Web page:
As sisters, Eleanor and Kat Keating couldn’t be more different but with a scatterbrained, alcoholic mother and a somewhat misguided, controlling priest for a father the family unit was always going to be one of intense diversity. When Eleanor leaves home for university, the relationship with her sister undergoes subtle changes. It becomes even more fractured when Eleanor’s handsome friend, Nick, is captivated by her younger and prettier sister. Many years later, Nick has married into a wealthy family in South Africa. A near-death accident forces him to re-evaluate his life and pick up the threads of his friendship with the Keating girls, and although the trail of lies he is fed eventually leads to a reunion of sorts, there are innumerable hurdles to jump before the truth is finally laid bare.
I was fully engaged in this story from the first to the last page. Terrific character development centered around basically good girls – but the products of bad parents – coupled with a lifetime of misunderstandings which only become clear as the novel develops. Skilfully written with a deep understanding of the nuances and the sometimes see-saw of emotions within different relationships.
In 1990 Harriet’s job as a journalist takes her to Romania to report on the terrible conditions in the state orphanages there. Her mantra is never to become involved in ‘the story,’ or to make it about herself but on this occasion, she breaks all the rules. In 2018 Ellie is suffering from agoraphobia and anxiety: a legacy from her childhood. Her sanctuary is her garden and her highly profitable Instagram account where she creates an image of herself as keeper of the quintessential English country garden. When two, very different men enter her life, Ellie is forced to make that leap beyond her garden gate and take her life back to its bare roots, not only to find a future but to discover who she really is.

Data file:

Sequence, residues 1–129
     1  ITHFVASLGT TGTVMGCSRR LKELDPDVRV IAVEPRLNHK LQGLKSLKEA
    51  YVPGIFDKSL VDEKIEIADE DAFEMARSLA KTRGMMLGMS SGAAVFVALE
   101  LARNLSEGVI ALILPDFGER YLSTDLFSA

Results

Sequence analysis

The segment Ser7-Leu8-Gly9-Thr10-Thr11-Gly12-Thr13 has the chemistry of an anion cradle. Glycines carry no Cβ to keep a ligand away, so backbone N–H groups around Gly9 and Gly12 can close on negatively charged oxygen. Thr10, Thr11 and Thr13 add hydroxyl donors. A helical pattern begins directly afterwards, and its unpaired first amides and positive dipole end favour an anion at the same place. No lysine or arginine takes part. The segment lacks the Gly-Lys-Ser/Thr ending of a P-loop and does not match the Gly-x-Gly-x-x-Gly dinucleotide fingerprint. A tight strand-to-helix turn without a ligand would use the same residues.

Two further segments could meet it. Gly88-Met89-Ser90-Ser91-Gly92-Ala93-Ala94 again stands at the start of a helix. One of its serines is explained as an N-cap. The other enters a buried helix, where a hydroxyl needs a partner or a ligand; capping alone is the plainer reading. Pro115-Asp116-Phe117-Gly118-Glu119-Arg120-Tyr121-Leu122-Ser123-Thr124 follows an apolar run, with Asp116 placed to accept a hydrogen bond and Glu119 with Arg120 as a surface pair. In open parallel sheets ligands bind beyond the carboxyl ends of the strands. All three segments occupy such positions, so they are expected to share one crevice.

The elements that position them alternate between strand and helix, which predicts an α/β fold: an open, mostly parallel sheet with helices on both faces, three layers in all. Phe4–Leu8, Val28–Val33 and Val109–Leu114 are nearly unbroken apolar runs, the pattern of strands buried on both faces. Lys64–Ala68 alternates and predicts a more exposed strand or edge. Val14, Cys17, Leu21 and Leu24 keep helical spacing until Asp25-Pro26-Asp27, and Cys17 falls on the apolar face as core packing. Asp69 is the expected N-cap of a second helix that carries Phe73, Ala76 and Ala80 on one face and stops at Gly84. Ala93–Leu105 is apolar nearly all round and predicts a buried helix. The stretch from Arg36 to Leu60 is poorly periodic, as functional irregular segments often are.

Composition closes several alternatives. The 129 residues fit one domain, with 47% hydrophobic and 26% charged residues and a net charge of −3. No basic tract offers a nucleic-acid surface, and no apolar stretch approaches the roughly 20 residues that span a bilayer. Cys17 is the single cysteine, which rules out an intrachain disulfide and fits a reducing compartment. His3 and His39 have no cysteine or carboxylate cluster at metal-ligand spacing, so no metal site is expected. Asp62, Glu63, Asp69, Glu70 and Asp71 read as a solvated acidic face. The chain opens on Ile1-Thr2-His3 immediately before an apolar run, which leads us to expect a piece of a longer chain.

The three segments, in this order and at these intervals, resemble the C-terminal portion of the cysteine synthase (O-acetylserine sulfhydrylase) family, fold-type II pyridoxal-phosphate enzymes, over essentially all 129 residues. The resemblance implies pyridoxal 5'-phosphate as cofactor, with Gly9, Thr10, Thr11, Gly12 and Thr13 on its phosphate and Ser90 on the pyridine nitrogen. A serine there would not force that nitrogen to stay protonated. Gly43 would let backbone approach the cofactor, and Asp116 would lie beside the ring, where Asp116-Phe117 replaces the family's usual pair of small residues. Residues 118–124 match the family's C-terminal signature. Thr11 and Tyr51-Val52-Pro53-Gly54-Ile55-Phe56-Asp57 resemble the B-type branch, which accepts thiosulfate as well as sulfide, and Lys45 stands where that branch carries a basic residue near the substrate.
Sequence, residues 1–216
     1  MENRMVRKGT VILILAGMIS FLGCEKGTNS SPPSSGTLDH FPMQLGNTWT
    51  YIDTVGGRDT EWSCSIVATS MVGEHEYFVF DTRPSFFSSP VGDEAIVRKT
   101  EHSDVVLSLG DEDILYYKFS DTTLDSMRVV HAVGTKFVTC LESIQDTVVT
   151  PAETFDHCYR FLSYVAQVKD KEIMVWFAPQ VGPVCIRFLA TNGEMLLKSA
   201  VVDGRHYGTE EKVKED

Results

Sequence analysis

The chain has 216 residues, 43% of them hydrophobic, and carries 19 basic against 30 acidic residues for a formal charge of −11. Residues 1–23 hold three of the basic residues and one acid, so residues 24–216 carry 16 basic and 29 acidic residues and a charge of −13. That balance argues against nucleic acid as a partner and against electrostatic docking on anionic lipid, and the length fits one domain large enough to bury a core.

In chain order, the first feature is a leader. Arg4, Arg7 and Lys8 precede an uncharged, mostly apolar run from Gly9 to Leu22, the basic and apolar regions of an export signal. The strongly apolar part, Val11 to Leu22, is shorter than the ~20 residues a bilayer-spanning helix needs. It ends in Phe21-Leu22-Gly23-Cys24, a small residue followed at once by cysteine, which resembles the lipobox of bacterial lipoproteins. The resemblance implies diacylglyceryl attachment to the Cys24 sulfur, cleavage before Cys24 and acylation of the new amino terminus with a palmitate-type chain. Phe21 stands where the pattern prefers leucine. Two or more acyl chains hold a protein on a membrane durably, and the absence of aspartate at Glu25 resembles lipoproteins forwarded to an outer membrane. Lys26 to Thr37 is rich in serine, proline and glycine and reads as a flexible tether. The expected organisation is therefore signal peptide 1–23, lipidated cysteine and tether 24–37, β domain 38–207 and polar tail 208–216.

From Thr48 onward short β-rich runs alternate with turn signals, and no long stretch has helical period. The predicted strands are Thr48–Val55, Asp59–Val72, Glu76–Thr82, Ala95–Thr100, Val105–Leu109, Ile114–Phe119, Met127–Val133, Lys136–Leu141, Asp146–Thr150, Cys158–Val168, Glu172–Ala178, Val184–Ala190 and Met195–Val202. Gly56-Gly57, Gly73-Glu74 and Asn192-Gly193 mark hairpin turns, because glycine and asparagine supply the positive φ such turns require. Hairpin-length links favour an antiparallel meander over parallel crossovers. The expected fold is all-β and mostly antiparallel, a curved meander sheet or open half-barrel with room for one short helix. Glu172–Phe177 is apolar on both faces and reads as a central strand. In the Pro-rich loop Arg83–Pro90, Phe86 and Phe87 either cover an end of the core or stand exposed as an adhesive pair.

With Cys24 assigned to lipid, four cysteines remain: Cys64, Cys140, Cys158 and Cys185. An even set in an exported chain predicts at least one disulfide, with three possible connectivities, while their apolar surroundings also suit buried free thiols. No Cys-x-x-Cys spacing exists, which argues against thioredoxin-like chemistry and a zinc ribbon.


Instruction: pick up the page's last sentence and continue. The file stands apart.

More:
This is light, intelligent fiction with a romantic slant and a compelling, time-slip structure which kept me turning the pages. It does not suffer from cliche or sentiment and the denouement is equally satisfying without being overly predictable. Lovely, original read
A compelling story of a boy winning against all the odds through an educational system beyond his social level, but never beyond his abilities. And his hard-working, widowed mother, Maisie, is determined to give Harry the best of opportunities. But past encounters with an ex are never far away, and when Harry befriends Giles Barrington, his meddlesome, fraudulent father, Hugo, does his best to deny what happened between Harry’s mother and himself all those years ago.
A slow start, but then the story began to really draw me in and the big question about Harry’s parentage ebbed and flowed beneath the surface until the build to the denouement – where everything falls apart beneath an avalanche of revelations. I wasn’t quite convinced that both Hugo Barrington and Maisie Clifton would have allowed matters between Emma and Harry to get quite as far as they did, not without some sort of intervention. Hugo perhaps, because he was such a cowardly toad but Maisie had a good handle on moral responsibility and lived for her son, so I’m not sure she would have simply stood by. Not only are there some unresolved threads in this book, but the story ends on the most terrific cliffhanger of a plot twist, so if you prefer everything to be tied-up with a ribbon by the last page, you might feel cheated.
The writing itself is concise and to the point and without too much of a descriptive slant, but it’s a clever structure and the likeable characters combined with steadily building tension, kept me turning the pages. There are slightly overlapping timelines shared between the characters but I liked this structure as it allowed for a greater understanding, not only of the character viewpoints and motivations but in the way it brought to light more and more subtle information. This is a heart-warming story, an easy-read of a historical family-saga with a slightly soapy feel. The sort of fiction which doesn’t pretend to be anything else, and I really enjoyed it.